Sonja Hornung – ‘Thick Space’

Thick Space uses mirror reflections to thicken space, creating a clunky, ‘honest’ illusion. At the heart of the illusion is the geranium, an indifferent, nameless and weedy anomaly.

Art Exhibition previously on at Bus Projects in Australia.
From Tuesday 29 March 2011 to Saturday 16 April 2011
Launch Tuesday 29 March 2011, 6pm-8pm

Sonja Hornung – ‘Thick Space’ image

Published by anonymous on Saturday 16 April 2011.
Contact the publisher.

Space is constantly present, yet as we are immersed in it we are generally equally unaware of it. So much of the space we negotiate is arranged into images and controlled by the interests of (often hidden) private or public bodies. This includes, but is not limited to, the virtual space of the internet, the physical space of the city, or the controlled interior spaces of shopping malls. Here space is produced through complex, impenetrable illusions that define our behaviour without us noticing it, telling us who owns what and who belongs where.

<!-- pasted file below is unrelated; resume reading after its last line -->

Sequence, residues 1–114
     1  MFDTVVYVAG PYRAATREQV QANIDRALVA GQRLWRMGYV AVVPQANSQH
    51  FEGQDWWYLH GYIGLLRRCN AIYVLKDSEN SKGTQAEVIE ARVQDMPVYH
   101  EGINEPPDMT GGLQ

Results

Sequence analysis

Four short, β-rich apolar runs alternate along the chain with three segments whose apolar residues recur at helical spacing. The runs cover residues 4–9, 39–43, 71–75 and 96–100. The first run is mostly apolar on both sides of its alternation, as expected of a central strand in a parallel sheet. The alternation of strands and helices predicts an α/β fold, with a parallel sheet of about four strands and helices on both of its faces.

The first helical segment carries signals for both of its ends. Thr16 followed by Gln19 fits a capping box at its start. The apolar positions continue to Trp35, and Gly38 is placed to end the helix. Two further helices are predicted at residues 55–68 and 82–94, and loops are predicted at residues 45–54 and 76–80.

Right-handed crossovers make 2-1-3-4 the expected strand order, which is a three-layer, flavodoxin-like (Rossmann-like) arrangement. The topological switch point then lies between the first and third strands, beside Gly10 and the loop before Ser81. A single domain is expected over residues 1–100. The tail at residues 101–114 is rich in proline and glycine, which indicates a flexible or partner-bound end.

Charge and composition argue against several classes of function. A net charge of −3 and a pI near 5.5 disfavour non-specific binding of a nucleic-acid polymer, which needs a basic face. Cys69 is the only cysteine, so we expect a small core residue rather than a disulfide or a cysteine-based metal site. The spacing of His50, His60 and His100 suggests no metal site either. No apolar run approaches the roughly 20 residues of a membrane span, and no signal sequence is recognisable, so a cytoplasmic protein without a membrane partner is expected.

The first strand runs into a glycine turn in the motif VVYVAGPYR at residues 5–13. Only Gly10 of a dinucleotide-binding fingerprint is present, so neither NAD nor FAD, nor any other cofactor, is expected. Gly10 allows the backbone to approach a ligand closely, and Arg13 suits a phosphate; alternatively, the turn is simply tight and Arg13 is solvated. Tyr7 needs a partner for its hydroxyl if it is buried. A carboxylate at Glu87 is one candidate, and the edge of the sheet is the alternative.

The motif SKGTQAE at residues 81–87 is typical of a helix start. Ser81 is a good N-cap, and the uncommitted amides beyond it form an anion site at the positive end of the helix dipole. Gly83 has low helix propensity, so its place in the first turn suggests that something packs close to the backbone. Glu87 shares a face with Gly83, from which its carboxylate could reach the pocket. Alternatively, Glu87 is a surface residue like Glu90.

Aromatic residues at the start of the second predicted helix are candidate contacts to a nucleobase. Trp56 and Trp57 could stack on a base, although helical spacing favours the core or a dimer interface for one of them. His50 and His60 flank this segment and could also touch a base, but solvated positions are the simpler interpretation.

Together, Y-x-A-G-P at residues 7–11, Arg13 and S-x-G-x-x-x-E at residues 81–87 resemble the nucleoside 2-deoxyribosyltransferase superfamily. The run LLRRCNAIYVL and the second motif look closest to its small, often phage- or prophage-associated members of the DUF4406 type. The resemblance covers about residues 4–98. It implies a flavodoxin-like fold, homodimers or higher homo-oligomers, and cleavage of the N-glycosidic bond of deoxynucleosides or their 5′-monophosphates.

The common ‘geranium’ is an accidental growth – in fact, it isn’t even a geranium. It was wrongly categorized in the early 18th century by Carl Linnaeus, the Swedish botanist who invented the system of naming still used today to define living organisms. The plant we call ‘geranium’ grows awkwardly, in the most mundane and unlikely places; squeezed into cracks in walls, edging railway sidings, and crowding abandoned blocks of land. Both its presence and its placement ignores the designation of objects with names and spaces with functions.

Thick Space attempts to hold in balance a tension between thing and and its illusion. In the process, it becomes possible to piece together how illusion operates in space.